Asynchronous muscles power flight in most insect species. a: Wings b: Wing joint c: Dorsoventral muscles power the upstroke d: Dorsolongitudinal muscles (DLM) power the downstroke. The DLMs are oriented out of the page.
Electrodes touch a frog, and the legs twitch into the upward position

DHPRs are located on the sarcolemma (which includes the surface sarcolemma and the transverse tubules), while the RyRs reside across the SR membrane.

Skeletal muscle

Skeletal muscles (commonly referred to as muscles) are organs of the vertebrate muscular system that are mostly attached by tendons to bones of the skeleton.

A top-down view of skeletal muscle
3D rendering of a skeletal muscle fiber
Muscle types by fiber arrangement
Types of pennate muscle. A – unipennate; B – bipennate; 
C – multipennate
ATPase staining of a muscle cross section. Type II fibers are dark, due to the alkaline pH of the preparation. In this example, the size of the type II fibers is considerably less than the type I fibers due to denervation atrophy.
Structure of muscle fibre showing a sarcomere under electron microscope with schematic explanation.
Diagram of sarcoplasmic reticulum with terminal cisternae and T-tubules.
Human embryo showing somites labelled as primitive segments.
When a sarcomere contracts, the Z lines move closer together, and the I band becomes smaller. The A band stays the same width. At full contraction, the thin and thick filaments overlap.
Contraction in more detail
(a) Some ATP is stored in a resting muscle. As contraction starts, it is used up in seconds. More ATP is generated from creatine phosphate for about 15 seconds. (b) Each glucose molecule produces two ATP and two molecules of pyruvic acid, which can be used in aerobic respiration or converted to lactic acid. If oxygen is not available, pyruvic acid is converted to lactic acid, which may contribute to muscle fatigue. This occurs during strenuous exercise when high amounts of energy are needed but oxygen cannot be sufficiently delivered to muscle. (c) Aerobic respiration is the breakdown of glucose in the presence of oxygen (O2) to produce carbon dioxide, water, and ATP. Approximately 95 percent of the ATP required for resting or moderately active muscles is provided by aerobic respiration, which takes place in mitochondria.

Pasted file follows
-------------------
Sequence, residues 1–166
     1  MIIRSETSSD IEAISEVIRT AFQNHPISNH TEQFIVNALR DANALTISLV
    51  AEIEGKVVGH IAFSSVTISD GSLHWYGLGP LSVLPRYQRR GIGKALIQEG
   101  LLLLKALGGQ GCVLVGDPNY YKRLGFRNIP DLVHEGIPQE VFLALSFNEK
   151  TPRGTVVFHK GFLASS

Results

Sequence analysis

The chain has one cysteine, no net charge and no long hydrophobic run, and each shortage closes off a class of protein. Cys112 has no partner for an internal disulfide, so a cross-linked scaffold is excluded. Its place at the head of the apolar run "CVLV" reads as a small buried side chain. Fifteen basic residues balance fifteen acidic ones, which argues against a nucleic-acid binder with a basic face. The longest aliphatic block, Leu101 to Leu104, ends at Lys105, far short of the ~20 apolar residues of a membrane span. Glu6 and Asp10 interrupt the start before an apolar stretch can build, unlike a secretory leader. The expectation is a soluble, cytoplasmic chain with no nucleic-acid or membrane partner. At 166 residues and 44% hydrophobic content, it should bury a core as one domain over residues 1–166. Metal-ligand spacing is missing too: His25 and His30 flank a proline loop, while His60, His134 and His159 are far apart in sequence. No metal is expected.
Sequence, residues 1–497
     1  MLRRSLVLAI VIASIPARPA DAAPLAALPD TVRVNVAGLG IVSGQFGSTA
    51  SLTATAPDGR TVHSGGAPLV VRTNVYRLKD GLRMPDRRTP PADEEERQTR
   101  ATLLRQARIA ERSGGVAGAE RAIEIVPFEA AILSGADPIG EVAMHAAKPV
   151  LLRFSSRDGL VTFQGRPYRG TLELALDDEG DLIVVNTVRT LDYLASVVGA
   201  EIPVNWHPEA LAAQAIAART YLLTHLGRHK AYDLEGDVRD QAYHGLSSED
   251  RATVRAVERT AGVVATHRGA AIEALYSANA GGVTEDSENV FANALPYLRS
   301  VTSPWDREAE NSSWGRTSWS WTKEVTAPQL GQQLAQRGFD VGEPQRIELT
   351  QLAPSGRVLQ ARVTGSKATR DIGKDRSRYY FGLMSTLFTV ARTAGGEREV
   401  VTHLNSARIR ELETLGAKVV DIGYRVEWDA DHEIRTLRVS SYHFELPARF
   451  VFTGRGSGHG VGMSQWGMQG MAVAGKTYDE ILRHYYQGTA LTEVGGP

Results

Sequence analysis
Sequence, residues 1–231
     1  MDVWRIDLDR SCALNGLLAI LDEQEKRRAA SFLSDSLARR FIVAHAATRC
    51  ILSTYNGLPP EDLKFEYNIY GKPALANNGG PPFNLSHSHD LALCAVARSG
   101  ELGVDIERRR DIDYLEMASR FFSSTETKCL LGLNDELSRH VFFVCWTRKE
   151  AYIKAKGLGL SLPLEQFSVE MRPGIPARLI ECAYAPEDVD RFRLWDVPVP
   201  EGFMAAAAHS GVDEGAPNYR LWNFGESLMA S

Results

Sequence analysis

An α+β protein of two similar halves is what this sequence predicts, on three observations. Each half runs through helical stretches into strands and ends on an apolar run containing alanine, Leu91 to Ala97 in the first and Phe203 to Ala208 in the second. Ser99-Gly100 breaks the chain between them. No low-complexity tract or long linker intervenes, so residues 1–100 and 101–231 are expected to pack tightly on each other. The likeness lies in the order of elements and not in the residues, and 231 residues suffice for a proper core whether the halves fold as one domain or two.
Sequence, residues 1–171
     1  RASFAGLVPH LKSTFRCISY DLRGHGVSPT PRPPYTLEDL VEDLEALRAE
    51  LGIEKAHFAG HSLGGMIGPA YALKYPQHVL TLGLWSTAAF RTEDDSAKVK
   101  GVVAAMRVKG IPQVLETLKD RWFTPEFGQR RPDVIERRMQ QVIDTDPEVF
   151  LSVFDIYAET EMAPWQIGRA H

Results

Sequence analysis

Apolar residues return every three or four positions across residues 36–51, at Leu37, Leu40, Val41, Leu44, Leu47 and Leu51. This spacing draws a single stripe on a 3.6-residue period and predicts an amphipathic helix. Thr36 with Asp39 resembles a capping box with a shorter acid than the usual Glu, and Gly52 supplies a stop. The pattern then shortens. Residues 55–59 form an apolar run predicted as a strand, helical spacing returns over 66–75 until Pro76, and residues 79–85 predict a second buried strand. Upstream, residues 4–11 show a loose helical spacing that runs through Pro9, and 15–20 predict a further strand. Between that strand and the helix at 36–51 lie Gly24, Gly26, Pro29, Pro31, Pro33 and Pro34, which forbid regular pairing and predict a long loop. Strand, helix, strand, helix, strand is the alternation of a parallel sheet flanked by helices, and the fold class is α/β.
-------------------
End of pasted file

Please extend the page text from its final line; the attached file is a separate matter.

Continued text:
Exercise-induced signaling pathways in skeletal muscle that determine specialized characteristics of slow- and fast-twitch muscle fibers
Jogging is one form of aerobic exercise.
In muscular dystrophy, the affected tissues become disorganized and the concentration of dystrophin (green) is greatly reduced.
Prisoner of war exhibiting muscle loss as a result of malnutrition.

T tubules are the pathways for action potentials to signal the sarcoplasmic reticulum to release calcium, causing a muscle contraction.

Myofilament

Myofilaments are the three protein filaments of myofibrils in muscle cells.

Myofilament
Muscle fiber showing thick and thin myofilaments of a myofibril.

This depolarizes the muscle fiber membrane, and the impulse travels to the muscle's sarcoplasmic reticulum via the transverse tubules.

Triad (anatomy)

Skeletal muscle, showing Triad as well as T-tubule.

In the histology of skeletal muscle, a triad is the structure formed by a T tubule with a sarcoplasmic reticulum (SR) known as the terminal cisterna on either side.

Telethonin

Protein that in humans is encoded by the TCAP gene.

A representation of the 3D structure of the protein myoglobin showing turquoise α-helices. This protein was the first to have its structure solved by X-ray crystallography. Toward the right-center among the coils, a prosthetic group called a heme group (shown in gray) with a bound oxygen molecule (red).

Telethonin is expressed in cardiac and skeletal muscle at Z-discs and functions to regulate sarcomere assembly, T-tubule function and apoptosis.